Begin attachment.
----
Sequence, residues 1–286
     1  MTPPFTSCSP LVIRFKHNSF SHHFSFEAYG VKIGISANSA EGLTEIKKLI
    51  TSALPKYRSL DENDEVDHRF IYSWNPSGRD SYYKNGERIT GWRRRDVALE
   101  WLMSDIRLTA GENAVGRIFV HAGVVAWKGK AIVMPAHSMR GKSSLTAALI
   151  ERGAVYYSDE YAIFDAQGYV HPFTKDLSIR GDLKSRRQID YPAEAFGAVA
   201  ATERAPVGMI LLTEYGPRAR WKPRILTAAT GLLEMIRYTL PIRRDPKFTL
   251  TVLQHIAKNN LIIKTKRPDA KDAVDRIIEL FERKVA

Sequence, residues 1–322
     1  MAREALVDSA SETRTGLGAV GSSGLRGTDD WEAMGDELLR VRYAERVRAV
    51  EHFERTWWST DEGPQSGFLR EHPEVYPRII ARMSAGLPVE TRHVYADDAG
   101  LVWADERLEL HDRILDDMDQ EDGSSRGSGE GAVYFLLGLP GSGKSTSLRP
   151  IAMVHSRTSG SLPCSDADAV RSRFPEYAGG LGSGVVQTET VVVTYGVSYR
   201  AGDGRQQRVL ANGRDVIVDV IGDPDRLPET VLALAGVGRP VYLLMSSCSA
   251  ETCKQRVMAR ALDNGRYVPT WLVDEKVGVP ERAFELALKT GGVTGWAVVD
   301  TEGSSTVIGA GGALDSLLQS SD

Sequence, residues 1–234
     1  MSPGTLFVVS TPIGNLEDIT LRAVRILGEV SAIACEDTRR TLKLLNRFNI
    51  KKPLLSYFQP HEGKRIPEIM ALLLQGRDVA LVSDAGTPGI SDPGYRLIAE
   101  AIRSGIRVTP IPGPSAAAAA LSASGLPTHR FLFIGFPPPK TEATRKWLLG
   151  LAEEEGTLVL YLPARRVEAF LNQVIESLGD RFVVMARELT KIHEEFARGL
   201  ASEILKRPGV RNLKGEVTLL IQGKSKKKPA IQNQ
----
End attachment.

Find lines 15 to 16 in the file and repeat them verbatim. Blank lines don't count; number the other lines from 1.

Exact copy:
   301  TEGSSTVIGA GGALDSLLQS SD

Sequence, residues 1–234